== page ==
The Impact of Proposition 47 on Crime and Recidivism
Passed by voters in November 2014, Proposition 47 brought broad and significant changes to California’s criminal justice system. Undertaken in the wake of public safety realignment in 2011, Proposition 47 reduced the penalties for certain lower-level drug and property offenses and represented a further step in prioritizing prison and jail space for higher-level offenders. The policy has sparked continued debate around two key questions:
Did Proposition 47 increase crime?
- We find no evidence that violent crime increased as a result of Proposition 47. While California saw an uptick in the violent crime rate from 2014 to 2016, this trend appears to have preceded the reform and is due in large part to unrelated changes in crime reporting after 2014.
- We find some evidence that Proposition 47 affected property crime. Statewide, property crime increased after 2014. While the reform had no apparent impact on burglaries or auto thefts, it may have contributed to a rise in larceny thefts, which increased by roughly 9 percent (about 135 more thefts per 100,000 residents) compared to other states. Crime data show that thefts from motor vehicles account for about three-quarters of this increase.
- Despite recent upticks, California’s crime rates remain comparable to the low rates observed in the 1960s—even with the dramatic reductions in incarceration ushered in by recent criminal justice reforms.
Did Proposition 47 reduce recidivism?
- Recidivism rates decreased due to Proposition 47. Using data from 12 California counties, we find that among individuals released after serving sentences for Proposition 47 offenses, the two-year rearrest rate was 70.8 percent, 1.8 percentage points lower than for similar individuals released before the reform. The two-year reconviction rate for individuals released under Proposition 47 was 46.0 percent, 3.1 percentage points lower than their pre-reform counterparts.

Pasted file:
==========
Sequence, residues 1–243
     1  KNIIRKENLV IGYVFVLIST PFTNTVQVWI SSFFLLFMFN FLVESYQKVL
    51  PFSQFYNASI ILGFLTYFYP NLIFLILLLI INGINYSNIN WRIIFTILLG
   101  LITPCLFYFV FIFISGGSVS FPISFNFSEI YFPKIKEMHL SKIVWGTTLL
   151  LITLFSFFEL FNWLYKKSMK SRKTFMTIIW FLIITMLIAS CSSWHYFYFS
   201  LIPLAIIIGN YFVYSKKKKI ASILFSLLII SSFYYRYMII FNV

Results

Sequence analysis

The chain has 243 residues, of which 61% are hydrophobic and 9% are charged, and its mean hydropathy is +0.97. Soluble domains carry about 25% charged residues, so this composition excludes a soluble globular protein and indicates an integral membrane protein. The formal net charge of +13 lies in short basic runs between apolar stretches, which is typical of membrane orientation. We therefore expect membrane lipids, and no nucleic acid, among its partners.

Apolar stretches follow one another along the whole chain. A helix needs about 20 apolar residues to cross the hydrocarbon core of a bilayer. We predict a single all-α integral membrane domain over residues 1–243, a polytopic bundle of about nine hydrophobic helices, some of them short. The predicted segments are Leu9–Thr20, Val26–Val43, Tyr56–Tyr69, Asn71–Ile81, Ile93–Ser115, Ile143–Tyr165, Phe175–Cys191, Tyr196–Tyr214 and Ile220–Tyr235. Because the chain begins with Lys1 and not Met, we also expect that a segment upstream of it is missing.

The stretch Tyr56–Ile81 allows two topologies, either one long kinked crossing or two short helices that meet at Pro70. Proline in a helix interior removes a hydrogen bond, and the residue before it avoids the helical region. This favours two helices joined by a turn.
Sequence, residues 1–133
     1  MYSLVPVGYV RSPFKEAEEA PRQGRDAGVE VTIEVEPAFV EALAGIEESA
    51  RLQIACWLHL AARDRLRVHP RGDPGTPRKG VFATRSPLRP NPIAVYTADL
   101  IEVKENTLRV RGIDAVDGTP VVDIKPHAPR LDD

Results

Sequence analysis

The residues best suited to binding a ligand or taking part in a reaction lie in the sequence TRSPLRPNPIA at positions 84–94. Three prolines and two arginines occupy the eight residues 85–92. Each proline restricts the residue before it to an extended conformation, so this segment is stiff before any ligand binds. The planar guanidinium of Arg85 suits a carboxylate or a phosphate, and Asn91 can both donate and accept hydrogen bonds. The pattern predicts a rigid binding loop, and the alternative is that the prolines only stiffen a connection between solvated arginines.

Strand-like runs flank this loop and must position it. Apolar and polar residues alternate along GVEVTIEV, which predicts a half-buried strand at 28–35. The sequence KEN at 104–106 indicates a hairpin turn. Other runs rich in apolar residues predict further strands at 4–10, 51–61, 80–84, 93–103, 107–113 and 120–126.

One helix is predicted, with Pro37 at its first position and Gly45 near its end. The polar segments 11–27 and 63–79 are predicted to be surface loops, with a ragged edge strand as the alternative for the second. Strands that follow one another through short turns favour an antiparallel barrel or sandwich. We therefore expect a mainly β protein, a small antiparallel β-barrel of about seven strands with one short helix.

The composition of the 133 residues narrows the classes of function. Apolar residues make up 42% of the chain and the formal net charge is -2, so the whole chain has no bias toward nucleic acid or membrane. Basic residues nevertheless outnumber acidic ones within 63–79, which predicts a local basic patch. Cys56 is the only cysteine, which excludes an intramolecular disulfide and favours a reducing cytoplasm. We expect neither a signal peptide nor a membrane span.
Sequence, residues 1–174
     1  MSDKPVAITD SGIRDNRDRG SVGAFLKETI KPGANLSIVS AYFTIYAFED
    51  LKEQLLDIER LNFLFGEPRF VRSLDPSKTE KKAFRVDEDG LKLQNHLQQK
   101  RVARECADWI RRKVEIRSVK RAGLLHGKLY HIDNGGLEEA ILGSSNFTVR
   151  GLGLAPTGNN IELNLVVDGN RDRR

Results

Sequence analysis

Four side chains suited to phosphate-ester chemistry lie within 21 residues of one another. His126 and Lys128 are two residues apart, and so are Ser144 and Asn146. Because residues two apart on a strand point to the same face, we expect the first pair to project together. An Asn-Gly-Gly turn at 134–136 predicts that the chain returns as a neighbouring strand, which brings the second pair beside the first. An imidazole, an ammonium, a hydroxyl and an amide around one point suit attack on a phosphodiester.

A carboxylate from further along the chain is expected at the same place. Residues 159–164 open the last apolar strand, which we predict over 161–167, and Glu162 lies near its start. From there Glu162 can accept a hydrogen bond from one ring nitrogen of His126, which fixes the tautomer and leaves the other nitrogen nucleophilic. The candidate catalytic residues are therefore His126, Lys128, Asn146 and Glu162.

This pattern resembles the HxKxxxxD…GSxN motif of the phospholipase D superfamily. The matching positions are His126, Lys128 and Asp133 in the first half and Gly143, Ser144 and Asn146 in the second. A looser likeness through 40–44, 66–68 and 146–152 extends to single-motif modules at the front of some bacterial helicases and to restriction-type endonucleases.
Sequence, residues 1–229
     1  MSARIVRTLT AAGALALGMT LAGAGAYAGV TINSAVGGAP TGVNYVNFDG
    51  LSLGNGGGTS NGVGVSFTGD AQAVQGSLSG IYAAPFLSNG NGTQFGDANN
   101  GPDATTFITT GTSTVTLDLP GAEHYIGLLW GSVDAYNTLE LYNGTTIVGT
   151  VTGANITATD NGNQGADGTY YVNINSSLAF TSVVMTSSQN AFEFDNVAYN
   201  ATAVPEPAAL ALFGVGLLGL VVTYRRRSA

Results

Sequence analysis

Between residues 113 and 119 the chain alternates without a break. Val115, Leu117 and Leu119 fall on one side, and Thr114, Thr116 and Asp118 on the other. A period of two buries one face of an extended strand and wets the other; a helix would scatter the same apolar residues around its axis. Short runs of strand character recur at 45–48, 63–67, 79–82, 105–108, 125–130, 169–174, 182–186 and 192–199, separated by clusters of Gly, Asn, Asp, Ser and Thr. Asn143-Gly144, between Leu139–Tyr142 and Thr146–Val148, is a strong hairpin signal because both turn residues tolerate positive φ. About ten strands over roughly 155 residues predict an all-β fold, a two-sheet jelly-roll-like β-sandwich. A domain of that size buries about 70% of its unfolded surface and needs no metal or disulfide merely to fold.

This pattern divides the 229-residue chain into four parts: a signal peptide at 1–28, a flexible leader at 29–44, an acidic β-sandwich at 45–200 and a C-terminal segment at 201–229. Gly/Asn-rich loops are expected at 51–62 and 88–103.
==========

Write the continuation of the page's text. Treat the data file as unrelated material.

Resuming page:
- These overall declines were driven by substantial reductions in recidivism rates for Proposition 47 offenses. Rearrest and reconviction rates for these offenses were 10.3 and 11.3 percentage points lower, respectively, than for similar individuals before the reform. Our findings suggest that the measure reduced both arrests by law enforcement and convictions resulting from prosecutions by district attorneys. However, we are not able to separate the reform’s effects on reoffending from its effects on the practices of criminal justice agencies.
Proposition 47 redirected the savings from reduced incarceration to treatment interventions, with the goal of reducing recidivism. While it is too early to know if this shift in funding has affected recidivism rates, in the coming years the state and counties will be better able to assess the impact of increased interventions and to identify promising strategies. As California continues to pursue criminal justice reforms, understanding the effects of Proposition 47 and local treatment programs will be essential to achieving further reductions in recidivism and maintaining public safety.